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10 Sins of Enterprise Sales

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We walk through ten of the most common mistakes made by sales reps when managing a complex sale. No one is immune from mistakes as deals cycles are long, solutions are more complex, buying processes are convoluted, and the number of people involved in a deal has expanded. If you avoid these common mistakes though, you can shift the competitive advantage and increase the likelihood of closing the deal.

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10 Sins of Enterprise Sales

  2. 2. Introduction • This presentation walks through ten of the most common mistakes made by sales reps when managing a complex sale • It is common to see the same mistakes occur across enterprise sales deals and sales teams • With increasing time, number of people, greater competitive challenges, and deeper solution complexity, deals become harder to manage • Even the most experienced sales reps are prone to making these same errors • Inspired by the excellent book “Hope Is Not a Strategy” by Rick Page 2ENTERPRISE SALES MEETUP | @ENTERPRISE_SALE
  3. 3. Top Ten Enterprise Sales Sins 1. Focus on product, not solution 2. Selling to unqualified prospects 3. Not targeting buyer need 4. Doing the demo dash 5. Lack of executive engagement 6. Mismanaging your “champion” 7. Negative competitive selling 8. Talking price too early 9. No team sales strategy 10. Believing in assumptions 3ENTERPRISE SALES MEETUP | @ENTERPRISE_SALE
  4. 4. Focus on product, not solution • Talking product reduces your offering to features and functions • Need to speak to results and value 4 PRACTICAL TIP Create narrative (stories) about your customers’ pain that your solution addressed and the results that were achieved. ENTERPRISE SALES MEETUP | @ENTERPRISE_SALE
  5. 5. Selling to unqualified prospects 5 • Have clearly established qualifying criteria • Qualify poor fits out of pipeline as soon as possible • BANT (budget, authority, need, timing) is useful, but often not the best criteria PRACTICAL TIP Make sure every prospecting call incorporates qualifying questions, even during the deal stage as you want to stay ahead of any “surprises”. ENTERPRISE SALES MEETUP | @ENTERPRISE_SALE
  6. 6. 6 Not targeting buyer need • Different people have different agendas and different needs • Need to frame your solution’s value to what matters most for your audience PRACTICAL TIP Link your solution to operational, cultural, financial, political, and strategic benefits so you are prepared when meeting various parts of the organization. ENTERPRISE SALES MEETUP | @ENTERPRISE_SALE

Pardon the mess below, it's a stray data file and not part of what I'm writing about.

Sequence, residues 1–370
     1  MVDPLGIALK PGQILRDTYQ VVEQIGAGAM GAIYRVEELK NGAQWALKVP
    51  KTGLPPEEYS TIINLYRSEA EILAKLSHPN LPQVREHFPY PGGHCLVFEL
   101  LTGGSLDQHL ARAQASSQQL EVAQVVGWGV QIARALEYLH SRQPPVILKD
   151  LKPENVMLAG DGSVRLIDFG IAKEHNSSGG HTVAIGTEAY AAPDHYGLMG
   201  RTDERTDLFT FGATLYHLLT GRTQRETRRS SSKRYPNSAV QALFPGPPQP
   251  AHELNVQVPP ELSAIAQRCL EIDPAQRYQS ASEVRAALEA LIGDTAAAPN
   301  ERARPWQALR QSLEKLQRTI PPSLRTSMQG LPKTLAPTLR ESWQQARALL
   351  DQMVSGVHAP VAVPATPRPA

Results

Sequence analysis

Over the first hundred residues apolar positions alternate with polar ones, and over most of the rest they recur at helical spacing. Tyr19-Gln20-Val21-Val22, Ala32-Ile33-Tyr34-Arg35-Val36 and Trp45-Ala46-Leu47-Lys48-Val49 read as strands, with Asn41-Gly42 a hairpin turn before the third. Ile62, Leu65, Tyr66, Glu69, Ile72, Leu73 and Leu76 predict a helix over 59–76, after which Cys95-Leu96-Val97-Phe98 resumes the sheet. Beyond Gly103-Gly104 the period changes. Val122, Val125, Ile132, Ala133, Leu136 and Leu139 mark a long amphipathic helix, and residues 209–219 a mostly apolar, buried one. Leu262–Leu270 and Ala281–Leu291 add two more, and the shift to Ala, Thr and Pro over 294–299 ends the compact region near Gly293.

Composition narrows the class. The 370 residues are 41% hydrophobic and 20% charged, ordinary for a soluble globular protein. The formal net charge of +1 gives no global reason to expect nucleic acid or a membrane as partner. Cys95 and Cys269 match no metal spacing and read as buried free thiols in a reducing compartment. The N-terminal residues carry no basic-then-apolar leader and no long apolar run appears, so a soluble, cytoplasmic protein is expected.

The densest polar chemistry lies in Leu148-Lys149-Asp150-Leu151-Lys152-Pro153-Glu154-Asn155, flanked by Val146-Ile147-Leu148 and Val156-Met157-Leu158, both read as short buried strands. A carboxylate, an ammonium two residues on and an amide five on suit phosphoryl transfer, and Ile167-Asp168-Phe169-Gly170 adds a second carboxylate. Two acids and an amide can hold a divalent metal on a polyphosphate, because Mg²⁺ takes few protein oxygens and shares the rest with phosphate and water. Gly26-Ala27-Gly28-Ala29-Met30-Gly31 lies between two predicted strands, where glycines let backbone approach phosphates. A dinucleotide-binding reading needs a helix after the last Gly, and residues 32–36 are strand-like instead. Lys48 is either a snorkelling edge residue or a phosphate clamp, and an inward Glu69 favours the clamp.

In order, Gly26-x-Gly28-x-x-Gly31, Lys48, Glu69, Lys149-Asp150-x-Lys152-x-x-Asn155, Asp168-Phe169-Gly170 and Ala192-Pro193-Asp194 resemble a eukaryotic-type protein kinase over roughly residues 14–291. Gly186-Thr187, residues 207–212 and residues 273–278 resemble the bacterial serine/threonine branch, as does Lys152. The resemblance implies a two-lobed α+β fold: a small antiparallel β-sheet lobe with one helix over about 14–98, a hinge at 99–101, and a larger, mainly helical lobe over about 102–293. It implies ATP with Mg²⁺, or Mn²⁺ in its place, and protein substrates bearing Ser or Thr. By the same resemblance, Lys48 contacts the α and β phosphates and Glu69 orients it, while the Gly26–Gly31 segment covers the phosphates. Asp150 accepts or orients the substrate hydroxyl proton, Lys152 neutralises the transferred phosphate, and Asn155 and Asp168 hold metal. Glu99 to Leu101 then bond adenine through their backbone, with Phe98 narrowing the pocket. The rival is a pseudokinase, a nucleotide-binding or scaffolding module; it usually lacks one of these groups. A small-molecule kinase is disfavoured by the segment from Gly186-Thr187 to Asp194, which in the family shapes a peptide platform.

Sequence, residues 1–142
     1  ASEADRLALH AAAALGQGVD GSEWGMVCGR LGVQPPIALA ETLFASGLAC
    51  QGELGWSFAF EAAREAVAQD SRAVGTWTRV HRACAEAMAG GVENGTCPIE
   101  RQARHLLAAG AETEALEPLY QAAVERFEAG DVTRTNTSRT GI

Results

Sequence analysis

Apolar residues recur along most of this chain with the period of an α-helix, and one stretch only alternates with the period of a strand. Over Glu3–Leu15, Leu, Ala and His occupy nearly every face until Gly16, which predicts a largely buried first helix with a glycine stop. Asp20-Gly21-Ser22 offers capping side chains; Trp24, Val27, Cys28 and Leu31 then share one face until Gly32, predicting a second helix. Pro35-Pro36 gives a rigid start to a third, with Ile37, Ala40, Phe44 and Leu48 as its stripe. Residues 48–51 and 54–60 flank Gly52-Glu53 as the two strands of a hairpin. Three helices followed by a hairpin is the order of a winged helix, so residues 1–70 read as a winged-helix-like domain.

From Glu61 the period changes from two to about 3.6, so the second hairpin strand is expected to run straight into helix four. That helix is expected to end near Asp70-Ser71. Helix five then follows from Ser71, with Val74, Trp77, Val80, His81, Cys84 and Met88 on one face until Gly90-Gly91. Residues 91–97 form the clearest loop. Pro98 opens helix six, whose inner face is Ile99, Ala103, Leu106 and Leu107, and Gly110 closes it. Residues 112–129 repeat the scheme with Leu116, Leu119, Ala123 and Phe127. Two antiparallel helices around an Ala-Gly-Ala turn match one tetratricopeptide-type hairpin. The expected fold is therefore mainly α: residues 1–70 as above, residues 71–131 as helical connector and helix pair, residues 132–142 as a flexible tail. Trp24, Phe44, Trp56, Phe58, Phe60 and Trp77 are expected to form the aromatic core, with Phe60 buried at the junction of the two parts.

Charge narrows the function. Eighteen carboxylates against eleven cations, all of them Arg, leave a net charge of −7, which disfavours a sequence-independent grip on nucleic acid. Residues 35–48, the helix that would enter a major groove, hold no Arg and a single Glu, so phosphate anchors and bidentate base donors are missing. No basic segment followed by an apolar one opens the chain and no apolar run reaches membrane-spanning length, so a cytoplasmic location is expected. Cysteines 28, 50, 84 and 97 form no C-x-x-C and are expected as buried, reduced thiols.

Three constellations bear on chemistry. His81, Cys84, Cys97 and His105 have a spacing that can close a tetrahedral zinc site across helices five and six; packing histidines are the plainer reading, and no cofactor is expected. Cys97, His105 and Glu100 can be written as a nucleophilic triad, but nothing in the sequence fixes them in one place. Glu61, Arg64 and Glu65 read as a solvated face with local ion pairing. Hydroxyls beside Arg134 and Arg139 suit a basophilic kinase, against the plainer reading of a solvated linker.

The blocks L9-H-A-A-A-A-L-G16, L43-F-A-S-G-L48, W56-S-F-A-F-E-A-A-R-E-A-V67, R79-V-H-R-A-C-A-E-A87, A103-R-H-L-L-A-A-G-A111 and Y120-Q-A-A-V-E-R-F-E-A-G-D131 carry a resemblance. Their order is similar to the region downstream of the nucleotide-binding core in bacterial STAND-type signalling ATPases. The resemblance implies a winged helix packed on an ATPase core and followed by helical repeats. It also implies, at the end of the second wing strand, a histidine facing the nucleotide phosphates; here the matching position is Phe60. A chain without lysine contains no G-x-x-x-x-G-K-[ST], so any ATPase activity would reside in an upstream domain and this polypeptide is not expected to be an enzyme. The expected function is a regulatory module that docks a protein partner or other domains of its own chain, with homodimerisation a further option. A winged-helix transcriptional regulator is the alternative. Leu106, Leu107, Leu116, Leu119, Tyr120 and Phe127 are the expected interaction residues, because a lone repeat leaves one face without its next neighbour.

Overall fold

7. 7. 7 • Do a needs analysis BEFORE the demo • ONLY focus on product capabilities that link to confirmed needs • Short & sweet is the key to maintaining attention Doing the demo dash PRACTICAL TIP Reduce your pitch to 20 minutes. Why? Research shows that attention drops precipitously after that (and kills your deal). ENTERPRISE SALES MEETUP | @ENTERPRISE_SALE
  8. 8. 8 Lack of executive engagement • Selling high is a necessity to create “energy” for your deal • Executives have higher order needs and higher value ($$$) pain to solve PRACTICAL TIP Call low first to get lay of the land, then you have some “facts” to reframe your message and make a more relevant pitch to an executive. ENTERPRISE SALES MEETUP | @ENTERPRISE_SALE
  9. 9. 9 Mismanaging your “champion” • Map the political field of your account, where does your “champion” sit? • Titles often do not map to power or authority or influence PRACTICAL TIP Do not rely on one champion! Build relationships across an account to insulate your deal from political sabotage. ENTERPRISE SALES MEETUP | @ENTERPRISE_SALE
  10. 10. 10 Negative competitive selling • Do set subtle landmines for your competition that they cannot easily overcome • DO NOT ever bad mouth competition PRACTICAL TIP Just as you would align your features to prospect needs, do the same with competitive traps to highlight deficiencies with competing offerings. ENTERPRISE SALES MEETUP | @ENTERPRISE_SALE
  11. 11. 11 Talking price too early • Price is never important in the early stage of deal • Real price negotiations happen after you become the preferred provider PRACTICAL TIP Never mention discounting upfront, it puts you in “vendor” mode and shifts discussion from value to price. ENTERPRISE SALES MEETUP | @ENTERPRISE_SALE
  12. 12. 12 No team sales strategy • Sales is a team sport so get the team on board and prepared for the deal • The account executive is responsible for communicating deal strategy PRACTICAL TIP Create a template with the key questions and qualifiers during a deal and use this as an ongoing checklist for the team to refer to and modify. ENTERPRISE SALES MEETUP | @ENTERPRISE_SALE
  13. 13. 13 Believing in assumptions • Easy to put on the “Happy Ears” and sweep away bad news • Use critical thinking and hard questions to confirm & adjust strategy during deal PRACTICAL TIP Have regular “deal review” sessions with sales team to discuss and drill into deals with the goal of actionable output to follow up on. ENTERPRISE SALES MEETUP | @ENTERPRISE_SALE
  14. 14. Let’s Talk • Follow me and send a tweet @marksbirch • Connect over LinkedIn and mention this presentation https://www.linkedin.com/in/marksbirch • If you sell to enterprises, join us for the Enterprise Sales Meetup http://enterprisesalesmeetup.com/ • If you are focused on prospecting, join us for the Sales Development Meetup http://www.meetup.com/Sales-Development- Meetup/ 14ENTERPRISE SALES MEETUP | @ENTERPRISE_SALE